Time For Plan B?

 

watch with hands pointing to plan b

 

By Roger Reid | November 16, 2017


 

We dream of a perfect life. We set our goals and make our plans. We work hard.

And then life happens.

We lose our job. Our spouse is diagnosed with a life-threatening illness. The economy nosedives and wipes out our retirement savings.

At first, we reel in shock as it all sinks in. Nothing makes sense. There are no clear answers.

When we finally catch our breath, the questions overwhelm us . . .

How will I ever get through this? What’s going to happen to me? Will I survive?

The things that were so important yesterday don’t matter anymore. The new car you were planning to buy seems like a bad joke. The reluctance you felt when you thought about cleaning out the garage would be a welcome exchange for the future you now face.

So what do you do?

Plan B.

For some, it’s a spontaneous reaction, powered by adrenaline and fear. And even though you know there may be a better solution, a better way, you don’t have the luxury of time to consider all the options, to look at the long-term effects of your choices. You take action because you have to.

Then you wait for the smoke to clear, to see a clear picture of the damage, so you can evaluate—in retrospect—what might have prevented the problem in the first place. This often produces an assessment of blame and a disenfranchisement of responsibility. “It wasn’t my fault. I didn’t deserve to be treated this way.”

Inevitably, the better question comes to the surface. “How could I have been better prepared?”

Planning for the worst is not something we typically do. We’re constantly told to think positive, to send our very best thoughts into the universe and wait for them to return to us ten-fold.

But sometimes the universe has other plans.

And when life delivers the unexpected, you need an emergency strategy, a plan B you can immediately activate when your career, health, or some other aspect of your personal life falls apart.

“All good will be attacked.”  Jim Rohn

Point in fact: You will use a plan B at some point in your life.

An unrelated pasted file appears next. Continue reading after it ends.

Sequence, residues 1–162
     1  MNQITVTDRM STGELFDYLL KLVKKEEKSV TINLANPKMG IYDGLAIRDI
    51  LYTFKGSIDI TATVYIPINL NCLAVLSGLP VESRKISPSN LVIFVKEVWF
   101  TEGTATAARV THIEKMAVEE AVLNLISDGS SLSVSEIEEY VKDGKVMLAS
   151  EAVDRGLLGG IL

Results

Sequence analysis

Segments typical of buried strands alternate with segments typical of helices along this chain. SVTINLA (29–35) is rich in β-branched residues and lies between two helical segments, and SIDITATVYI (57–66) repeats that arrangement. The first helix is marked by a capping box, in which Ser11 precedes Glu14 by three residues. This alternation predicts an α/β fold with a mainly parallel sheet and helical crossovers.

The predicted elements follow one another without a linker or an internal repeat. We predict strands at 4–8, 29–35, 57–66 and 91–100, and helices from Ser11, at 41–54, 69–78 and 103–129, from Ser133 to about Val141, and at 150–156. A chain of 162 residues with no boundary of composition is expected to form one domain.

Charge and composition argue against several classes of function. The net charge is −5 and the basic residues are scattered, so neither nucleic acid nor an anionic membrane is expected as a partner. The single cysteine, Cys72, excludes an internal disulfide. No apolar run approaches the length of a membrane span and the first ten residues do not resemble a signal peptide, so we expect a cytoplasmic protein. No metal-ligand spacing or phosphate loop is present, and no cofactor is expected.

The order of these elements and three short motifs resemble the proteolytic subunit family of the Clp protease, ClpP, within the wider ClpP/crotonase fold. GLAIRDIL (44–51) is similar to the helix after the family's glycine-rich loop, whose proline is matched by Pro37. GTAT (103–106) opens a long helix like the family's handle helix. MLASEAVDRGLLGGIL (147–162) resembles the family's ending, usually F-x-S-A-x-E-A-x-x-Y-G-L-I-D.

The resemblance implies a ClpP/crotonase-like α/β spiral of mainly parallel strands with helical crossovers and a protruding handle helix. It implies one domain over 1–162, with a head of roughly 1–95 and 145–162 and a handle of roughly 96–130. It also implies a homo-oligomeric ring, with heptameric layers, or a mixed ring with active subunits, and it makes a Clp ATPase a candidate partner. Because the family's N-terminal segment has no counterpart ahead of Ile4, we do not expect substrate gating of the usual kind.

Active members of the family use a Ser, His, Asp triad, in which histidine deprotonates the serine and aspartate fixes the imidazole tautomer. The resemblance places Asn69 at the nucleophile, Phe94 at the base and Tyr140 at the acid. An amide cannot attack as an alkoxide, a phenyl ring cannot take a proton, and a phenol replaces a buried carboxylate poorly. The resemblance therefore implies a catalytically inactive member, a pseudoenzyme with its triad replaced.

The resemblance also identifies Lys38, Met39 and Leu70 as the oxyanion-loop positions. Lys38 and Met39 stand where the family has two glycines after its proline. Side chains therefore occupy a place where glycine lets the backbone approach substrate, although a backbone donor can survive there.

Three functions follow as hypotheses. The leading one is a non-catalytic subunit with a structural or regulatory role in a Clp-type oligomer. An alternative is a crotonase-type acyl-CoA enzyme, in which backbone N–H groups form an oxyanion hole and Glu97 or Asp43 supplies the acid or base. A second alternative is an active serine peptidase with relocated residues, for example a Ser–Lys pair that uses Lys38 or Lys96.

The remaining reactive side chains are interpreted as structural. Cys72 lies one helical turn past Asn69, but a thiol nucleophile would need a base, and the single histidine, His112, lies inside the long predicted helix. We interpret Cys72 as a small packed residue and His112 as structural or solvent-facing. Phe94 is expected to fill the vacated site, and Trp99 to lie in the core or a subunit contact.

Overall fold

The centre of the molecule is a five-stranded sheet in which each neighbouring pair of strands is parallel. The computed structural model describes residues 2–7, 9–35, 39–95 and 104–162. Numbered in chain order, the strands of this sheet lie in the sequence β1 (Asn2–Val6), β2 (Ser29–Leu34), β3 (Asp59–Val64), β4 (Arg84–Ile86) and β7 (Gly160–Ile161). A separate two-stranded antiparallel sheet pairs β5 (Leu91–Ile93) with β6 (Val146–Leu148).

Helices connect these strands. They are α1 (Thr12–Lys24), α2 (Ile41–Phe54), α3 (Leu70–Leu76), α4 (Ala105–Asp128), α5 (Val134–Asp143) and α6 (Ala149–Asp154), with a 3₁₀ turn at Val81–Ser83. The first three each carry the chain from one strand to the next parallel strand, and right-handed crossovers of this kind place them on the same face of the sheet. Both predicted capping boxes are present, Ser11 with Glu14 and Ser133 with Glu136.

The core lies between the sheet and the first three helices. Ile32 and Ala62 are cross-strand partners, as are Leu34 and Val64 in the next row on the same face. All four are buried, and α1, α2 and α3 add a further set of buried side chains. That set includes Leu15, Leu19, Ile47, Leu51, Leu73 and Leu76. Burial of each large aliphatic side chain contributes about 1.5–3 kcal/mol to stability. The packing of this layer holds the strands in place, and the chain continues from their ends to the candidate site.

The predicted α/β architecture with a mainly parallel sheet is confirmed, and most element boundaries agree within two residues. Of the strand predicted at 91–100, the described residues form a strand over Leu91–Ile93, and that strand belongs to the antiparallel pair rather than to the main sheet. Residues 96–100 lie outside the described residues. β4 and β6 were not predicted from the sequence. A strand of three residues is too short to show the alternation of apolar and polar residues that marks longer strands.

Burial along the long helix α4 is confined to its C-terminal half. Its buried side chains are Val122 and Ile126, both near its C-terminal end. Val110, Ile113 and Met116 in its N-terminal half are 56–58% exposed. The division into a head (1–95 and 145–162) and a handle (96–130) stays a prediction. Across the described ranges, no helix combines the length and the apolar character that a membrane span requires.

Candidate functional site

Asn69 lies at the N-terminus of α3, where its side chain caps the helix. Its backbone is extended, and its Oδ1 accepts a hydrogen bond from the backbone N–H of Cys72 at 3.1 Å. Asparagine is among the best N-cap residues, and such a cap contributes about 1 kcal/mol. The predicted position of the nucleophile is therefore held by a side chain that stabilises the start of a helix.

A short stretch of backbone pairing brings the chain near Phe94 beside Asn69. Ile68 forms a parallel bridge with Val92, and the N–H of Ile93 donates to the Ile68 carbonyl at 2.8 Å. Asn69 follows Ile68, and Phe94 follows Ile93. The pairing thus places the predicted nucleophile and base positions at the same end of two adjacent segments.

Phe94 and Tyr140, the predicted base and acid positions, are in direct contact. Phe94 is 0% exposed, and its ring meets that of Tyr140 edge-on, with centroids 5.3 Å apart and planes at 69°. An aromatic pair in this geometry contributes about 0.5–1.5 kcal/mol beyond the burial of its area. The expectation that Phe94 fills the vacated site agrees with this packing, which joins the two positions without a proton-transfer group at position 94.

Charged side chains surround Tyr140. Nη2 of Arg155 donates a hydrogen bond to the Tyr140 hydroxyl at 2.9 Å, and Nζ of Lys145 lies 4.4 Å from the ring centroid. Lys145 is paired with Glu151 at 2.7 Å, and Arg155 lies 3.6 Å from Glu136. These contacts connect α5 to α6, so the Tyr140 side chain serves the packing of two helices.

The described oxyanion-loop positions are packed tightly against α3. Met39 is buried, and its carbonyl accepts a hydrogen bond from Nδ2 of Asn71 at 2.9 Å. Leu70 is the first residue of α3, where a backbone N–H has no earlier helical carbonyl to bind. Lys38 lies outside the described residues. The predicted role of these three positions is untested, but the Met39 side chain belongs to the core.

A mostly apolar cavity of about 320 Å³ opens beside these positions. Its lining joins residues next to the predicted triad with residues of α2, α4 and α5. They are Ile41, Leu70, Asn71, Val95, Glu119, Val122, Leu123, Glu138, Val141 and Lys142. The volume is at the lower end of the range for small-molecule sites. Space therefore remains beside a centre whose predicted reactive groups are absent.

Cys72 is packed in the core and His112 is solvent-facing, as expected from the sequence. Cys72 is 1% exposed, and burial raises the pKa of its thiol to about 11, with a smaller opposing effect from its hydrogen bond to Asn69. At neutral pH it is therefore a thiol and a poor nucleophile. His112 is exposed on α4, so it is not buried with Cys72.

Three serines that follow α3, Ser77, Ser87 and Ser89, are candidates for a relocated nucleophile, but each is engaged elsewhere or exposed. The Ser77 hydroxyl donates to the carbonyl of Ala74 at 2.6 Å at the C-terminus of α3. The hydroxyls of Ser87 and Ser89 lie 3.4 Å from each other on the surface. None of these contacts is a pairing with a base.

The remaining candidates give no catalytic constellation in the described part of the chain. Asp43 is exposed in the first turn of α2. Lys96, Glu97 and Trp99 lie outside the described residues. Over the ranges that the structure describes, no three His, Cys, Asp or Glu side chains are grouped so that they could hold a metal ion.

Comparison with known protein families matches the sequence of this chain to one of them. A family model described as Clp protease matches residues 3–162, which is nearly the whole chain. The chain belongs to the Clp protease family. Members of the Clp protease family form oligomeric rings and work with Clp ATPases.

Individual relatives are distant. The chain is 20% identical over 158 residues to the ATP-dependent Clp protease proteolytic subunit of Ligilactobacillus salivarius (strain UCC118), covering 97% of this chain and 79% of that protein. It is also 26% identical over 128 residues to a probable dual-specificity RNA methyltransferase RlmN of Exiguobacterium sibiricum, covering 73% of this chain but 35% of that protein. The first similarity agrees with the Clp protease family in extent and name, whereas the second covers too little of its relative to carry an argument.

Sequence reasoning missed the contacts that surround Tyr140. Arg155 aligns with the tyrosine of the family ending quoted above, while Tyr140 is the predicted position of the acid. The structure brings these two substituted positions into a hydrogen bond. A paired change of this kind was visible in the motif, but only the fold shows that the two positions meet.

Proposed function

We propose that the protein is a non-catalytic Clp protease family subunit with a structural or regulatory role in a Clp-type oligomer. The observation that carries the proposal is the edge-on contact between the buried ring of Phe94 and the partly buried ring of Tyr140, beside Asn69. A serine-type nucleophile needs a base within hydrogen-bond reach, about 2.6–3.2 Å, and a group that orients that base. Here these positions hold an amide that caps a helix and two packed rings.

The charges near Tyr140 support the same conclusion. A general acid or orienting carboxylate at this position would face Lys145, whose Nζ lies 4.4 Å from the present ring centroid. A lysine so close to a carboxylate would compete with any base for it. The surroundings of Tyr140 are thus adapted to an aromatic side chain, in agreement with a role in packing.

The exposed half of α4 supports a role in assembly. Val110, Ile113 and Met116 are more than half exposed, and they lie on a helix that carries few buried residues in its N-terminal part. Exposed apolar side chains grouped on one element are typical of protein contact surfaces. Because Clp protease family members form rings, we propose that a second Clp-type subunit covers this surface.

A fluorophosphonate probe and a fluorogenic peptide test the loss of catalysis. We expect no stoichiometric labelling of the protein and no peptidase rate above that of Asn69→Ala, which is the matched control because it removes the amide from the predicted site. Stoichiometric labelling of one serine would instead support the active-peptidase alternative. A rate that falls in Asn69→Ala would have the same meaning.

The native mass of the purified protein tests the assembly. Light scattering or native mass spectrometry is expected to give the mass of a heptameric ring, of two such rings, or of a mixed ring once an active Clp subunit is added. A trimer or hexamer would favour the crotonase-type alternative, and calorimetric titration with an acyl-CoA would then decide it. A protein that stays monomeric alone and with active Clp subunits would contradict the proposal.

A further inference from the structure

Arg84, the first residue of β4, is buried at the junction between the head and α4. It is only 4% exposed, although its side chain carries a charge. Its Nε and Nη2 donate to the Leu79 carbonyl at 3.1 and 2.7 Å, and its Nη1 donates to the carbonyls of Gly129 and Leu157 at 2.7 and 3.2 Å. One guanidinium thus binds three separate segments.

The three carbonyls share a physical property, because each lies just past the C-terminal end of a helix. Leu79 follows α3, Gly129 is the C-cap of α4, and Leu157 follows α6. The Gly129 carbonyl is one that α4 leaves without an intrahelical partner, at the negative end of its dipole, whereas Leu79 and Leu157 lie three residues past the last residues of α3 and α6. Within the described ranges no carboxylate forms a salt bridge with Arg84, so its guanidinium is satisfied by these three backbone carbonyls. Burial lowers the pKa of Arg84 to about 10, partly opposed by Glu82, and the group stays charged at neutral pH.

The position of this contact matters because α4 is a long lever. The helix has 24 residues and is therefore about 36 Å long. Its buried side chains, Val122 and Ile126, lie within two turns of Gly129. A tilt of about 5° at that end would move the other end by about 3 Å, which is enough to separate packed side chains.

The question is how much influence you will have on its design and implementation.

You can allow it to unfold by default, with its content, strategy, and options molded by chance and circumstance, or you can plan for negative contingencies, using your own considered choices. Granted, you can’t anticipate every possibility, but evaluating your current resources and fall-back options in a “what if” scenario will make you better prepared to make difficult decisions when your livelihood – or even your life – depends on it.

Here are five suggestions to help guide you in constructing your own personal Plan B:

  1. Establish a time line. How long can you depend on your current situation and resources? These can be quantifiable measurements, for example, how long your savings will last if you lose your job, or how long your severance package will continue to pay the bills. If you find yourself facing health issues, you’ll need to research the historic recovery rate for each treatment option, possible side effects, and the effectiveness of non-traditional protocols. This is not the time to lie to yourself with best case scenarios, or try to convince yourself that “everything will work out okay if I just wait it out.”
  2. Set up a working draft of possible courses of actions and their probable results. This looks somewhat like a logic diagram, with inputs and outputs for both yes and no answers. If the answer is no, what are the possible options? The more options you have, the greater chances of success. This can be extremely helpful in knowing what to do next, especially when emotion and the overwhelming nature of the circumstances leaves you distraught or on the edge of panic.
  3. Give your brain the best environment in which to work. This means taking a walk when you hit a wall. Allow your mind to “sleep on it,” because sleep actually helps your mind process the data and come up with possible solutions. Realize that confusion is the mind’s natural “holding” state until an answer is reached. Neuro-linguistic research has long held that “feeling confused” indicates your mind is actively working on a solution. Ask yourself if more information would be helpful. Do you know everything you need to know about the comparisons you’re making, or the situations you have to choose from?
  4. Ask for help. Filter your sources by what they have to gain or lose from your decision. If they’re invested in your outcome, you’ll need to factor their input accordingly. And remember, the opinions and advice of others carry no guarantee of making you happy or providing you with satisfaction in the long term. That’s up to you. Relying too much on the advice of others may provide a scapegoat to blame for an unsatisfying future, but you’re the one who will have to bear the weight of making choices that were ultimately wrong for you.
  5. Hold on to as many “normal” activities in your life as possible. If you usually go to the park with your dog on Tuesdays and Fridays, make the effort to continue. If you typically set aside Sunday afternoons to tend to a garden, read the next chapter in a favorite novel, or play a round of golf, do your best to maintain that schedule. Change is best accomplished by altering one element at a time. For example, don’t give up your gym membership or Friday date night unless they’re completely out of the question. Keep as many positive life rituals as possible, knowing this helps stabilize your mindset as you explore new options during this phase of your life.

“If you want to make God laugh, tell him about your plans.” Woody Allen